KOTA KINABALU: The state government is in the process of gazetting Mantanani, Mengalum and Sipadan islands as total protected marine areas.
State Assistant Tourism, Culture and Environment Minister Datuk Pang Yuk Ming said the initiative was in line with the International Union for Conservation of Nature (IUCN) recommendation to have at least 10 per cent of protected marine areas by 2020.
“It is difficult to have three marine areas to be gazetted by 2020 as the process will be long.
“However, the state government has already prepared the documents (for the gazettement of those waters),” he said, adding that the gazetting of Mantanani waters would be tabled in the next cabinet meeting.
Pang said the process for Mengalum would be discussed next year and status of Sipadan, renowned as one of the world’s top dive sites, to be discussed in 2019.
Once the three sites are gazetted, marine areas will make up 13 per cent of Sabah, exceeding the IUCN recommendation.
Sabah now has more than one million hectares, or 7.6 per cent, listed as total protected areas.
The Tun Mustapha Park off Kudat waters, Malaysia’s largest marine park, was the most recent gazetted area.
Pang added that his ministry was also encouraging hoteliers and seafood restaurants to sell sustainable seafood to their clients.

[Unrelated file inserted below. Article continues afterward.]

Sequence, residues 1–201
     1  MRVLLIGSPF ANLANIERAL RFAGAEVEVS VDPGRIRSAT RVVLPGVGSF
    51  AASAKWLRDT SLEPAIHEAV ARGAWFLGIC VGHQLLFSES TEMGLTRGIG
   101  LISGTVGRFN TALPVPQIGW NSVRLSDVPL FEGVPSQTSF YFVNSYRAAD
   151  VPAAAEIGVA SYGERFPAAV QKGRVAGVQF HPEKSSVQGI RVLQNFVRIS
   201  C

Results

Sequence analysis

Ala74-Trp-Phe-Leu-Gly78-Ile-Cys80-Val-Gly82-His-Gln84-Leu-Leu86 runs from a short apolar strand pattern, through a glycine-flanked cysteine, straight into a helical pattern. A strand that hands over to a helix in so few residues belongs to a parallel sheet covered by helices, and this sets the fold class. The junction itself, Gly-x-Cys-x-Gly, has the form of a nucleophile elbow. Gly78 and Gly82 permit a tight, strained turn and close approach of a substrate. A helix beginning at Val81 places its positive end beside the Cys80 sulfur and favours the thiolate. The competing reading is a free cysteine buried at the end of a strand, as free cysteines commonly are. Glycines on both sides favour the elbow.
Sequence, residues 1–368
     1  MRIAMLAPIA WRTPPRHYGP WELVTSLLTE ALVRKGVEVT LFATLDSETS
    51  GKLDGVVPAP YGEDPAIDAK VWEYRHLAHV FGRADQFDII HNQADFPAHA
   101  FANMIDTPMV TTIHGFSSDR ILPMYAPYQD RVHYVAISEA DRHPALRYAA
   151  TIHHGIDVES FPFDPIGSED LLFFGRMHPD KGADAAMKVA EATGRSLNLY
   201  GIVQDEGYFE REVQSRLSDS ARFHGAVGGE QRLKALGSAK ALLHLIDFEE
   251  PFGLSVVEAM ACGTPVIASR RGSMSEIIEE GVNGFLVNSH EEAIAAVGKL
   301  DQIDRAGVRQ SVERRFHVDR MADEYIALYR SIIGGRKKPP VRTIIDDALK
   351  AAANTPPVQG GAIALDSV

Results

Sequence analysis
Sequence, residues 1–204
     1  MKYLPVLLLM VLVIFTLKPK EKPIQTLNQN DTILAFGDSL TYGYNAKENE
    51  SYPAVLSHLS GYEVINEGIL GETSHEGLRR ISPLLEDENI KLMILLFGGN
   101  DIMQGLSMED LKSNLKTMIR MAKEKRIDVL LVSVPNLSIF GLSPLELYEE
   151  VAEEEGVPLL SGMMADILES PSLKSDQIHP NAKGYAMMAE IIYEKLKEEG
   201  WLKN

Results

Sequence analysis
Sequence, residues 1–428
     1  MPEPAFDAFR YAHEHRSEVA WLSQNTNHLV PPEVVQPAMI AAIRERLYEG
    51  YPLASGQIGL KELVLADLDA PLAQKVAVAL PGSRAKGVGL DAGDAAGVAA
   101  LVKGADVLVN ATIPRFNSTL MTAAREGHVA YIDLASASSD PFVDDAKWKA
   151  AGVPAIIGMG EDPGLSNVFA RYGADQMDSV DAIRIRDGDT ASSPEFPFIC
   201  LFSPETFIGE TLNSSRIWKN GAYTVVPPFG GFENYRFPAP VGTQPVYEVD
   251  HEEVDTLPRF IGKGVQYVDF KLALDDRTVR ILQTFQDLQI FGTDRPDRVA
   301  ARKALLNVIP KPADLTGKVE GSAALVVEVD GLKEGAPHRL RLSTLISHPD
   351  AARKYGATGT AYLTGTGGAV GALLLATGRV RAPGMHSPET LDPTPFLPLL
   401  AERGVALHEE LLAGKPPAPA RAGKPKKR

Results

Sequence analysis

He said they could buy from suppliers who adopted good practices, such as fish farming and fishing using the right nettings, among others.
Buying sustainable seafood is not only good for branding but also helps to maintain seafood supply in the long term.
“In Sabah, it has been our priority to market ourselves as an eco-destination and our marine system is one of the best in the world.
“At the (high) rate of arrivals by Chinese, South Korean and other international tourists in Sabah, the situation is putting pressure on our precious resources,” he said, adding that high quality seafood was available at more affordable prices compared to Hong Kong and China.
Meanwhile, Sabah Hotel Association past-president Christopher Chan said they were willing to comply with the ministry’s suggestions, provided the supply met the demand.
“Operators like us will look into the availability of different varieties and sizes of sustainable seafood when buying.
“If suppliers or relevant parties are able to meet our demands, it is not a problem to go with the government’s initiative.”
Sabah Fisheries director Dr Ahemad Sade said since department’s establishment 50 years ago, they had been pushing to have sustainable seafood.
“This is to ensure the fisheries source is sustainable and will
be available for future generations.”